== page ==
Dred Scott v. Sandford

60 U.S. 393 Supreme Court 1857
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While several hundred suits for freedom were filed by or on behalf of slaves in the decades before the Civil War, this case was the only one to reach the Supreme Court.

After unsuccessfully attempting to purchase his and his family’s freedom, Dred Scott brought a case on the grounds of wrongful enslavement and that residence in a free territory meant he and his family were free and could not be re-enslaved.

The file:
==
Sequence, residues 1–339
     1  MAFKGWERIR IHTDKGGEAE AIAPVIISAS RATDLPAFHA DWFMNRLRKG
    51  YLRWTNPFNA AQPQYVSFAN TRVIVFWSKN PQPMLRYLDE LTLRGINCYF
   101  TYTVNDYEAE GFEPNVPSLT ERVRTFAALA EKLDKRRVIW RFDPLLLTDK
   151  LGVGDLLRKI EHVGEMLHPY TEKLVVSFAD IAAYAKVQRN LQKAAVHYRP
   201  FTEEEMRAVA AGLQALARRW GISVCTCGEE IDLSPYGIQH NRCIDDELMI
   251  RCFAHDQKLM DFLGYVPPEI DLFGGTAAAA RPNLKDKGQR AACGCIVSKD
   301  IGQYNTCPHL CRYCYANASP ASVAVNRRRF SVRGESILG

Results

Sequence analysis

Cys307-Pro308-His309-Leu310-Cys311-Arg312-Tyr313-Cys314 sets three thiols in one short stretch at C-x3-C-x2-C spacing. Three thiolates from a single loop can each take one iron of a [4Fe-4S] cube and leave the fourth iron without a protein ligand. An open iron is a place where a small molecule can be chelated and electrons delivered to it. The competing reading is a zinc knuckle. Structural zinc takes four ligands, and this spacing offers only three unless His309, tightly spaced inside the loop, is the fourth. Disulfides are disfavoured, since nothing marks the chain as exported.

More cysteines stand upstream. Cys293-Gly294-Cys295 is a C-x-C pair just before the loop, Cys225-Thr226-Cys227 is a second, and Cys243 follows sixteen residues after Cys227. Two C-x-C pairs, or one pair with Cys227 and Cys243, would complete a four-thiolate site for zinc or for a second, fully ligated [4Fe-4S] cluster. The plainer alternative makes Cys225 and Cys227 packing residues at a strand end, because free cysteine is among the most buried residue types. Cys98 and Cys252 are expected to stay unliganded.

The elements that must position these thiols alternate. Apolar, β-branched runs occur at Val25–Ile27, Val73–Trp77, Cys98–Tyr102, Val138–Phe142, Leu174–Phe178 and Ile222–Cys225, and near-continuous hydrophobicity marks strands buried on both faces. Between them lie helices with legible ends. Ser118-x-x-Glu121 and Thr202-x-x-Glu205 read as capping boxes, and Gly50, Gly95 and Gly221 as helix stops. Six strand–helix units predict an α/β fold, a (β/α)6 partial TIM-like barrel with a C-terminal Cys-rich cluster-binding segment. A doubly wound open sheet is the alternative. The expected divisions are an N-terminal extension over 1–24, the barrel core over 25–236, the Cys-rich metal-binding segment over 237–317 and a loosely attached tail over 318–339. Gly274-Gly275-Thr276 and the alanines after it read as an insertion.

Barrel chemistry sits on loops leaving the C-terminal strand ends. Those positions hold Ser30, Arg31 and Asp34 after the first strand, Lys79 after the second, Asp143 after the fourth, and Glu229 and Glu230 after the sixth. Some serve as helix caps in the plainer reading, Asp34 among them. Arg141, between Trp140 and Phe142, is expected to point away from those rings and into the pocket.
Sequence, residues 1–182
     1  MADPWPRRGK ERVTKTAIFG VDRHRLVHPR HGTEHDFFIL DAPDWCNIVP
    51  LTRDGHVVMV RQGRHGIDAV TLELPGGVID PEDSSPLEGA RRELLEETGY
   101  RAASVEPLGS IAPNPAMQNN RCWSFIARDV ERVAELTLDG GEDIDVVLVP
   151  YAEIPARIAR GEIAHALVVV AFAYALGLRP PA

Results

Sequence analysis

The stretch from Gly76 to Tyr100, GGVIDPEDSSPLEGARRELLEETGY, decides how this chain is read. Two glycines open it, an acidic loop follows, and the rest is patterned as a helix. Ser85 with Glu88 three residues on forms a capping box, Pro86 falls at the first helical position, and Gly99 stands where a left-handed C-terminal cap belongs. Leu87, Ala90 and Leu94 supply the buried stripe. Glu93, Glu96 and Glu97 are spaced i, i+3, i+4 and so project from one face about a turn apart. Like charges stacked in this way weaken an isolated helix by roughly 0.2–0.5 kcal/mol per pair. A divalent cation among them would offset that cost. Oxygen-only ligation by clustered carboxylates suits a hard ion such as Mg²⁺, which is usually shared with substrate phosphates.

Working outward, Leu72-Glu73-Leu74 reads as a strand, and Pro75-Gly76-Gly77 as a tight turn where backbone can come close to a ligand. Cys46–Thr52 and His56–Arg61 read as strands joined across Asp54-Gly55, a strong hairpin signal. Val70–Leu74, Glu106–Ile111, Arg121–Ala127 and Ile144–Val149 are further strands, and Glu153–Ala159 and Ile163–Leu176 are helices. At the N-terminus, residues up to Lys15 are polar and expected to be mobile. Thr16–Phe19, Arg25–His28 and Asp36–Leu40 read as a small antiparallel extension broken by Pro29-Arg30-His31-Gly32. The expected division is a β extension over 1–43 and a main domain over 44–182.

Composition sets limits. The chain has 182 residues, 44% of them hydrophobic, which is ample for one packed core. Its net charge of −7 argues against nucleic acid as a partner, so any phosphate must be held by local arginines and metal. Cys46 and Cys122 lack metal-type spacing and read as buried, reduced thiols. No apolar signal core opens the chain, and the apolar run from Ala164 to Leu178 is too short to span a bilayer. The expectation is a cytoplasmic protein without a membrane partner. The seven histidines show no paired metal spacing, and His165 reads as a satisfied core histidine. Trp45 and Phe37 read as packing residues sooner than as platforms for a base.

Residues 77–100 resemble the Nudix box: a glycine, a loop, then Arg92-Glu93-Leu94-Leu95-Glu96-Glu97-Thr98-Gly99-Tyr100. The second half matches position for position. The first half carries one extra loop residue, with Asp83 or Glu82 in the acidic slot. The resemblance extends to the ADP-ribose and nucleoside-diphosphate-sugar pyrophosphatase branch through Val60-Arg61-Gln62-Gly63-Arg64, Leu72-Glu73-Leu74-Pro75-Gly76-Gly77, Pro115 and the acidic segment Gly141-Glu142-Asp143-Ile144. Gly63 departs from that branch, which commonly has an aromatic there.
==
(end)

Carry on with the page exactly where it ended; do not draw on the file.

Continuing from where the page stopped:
The Scotts pursued their case for 11 years through the courts. The same year the Supreme Court ruled against them in a 7-2 decision, the Scotts were sold to the sons of Peter Blow, Dred Scott’s original owner, and were freed.

The ruling was indicative of the political dynamics at the time that used states’ rights arguments to ensure the American economy could continue to rely on enslavement for labor. Chief Justice Roger Taney, born into a wealthy family of enslavers, infamously penned the majority opinion. He argued that Black people, free or enslaved, could never enjoy the rights of American citizens under the Constitution. This case also ruled the Missouri Compromise unconstitutional because outlawing slavery was left for states to determine, not Congress.

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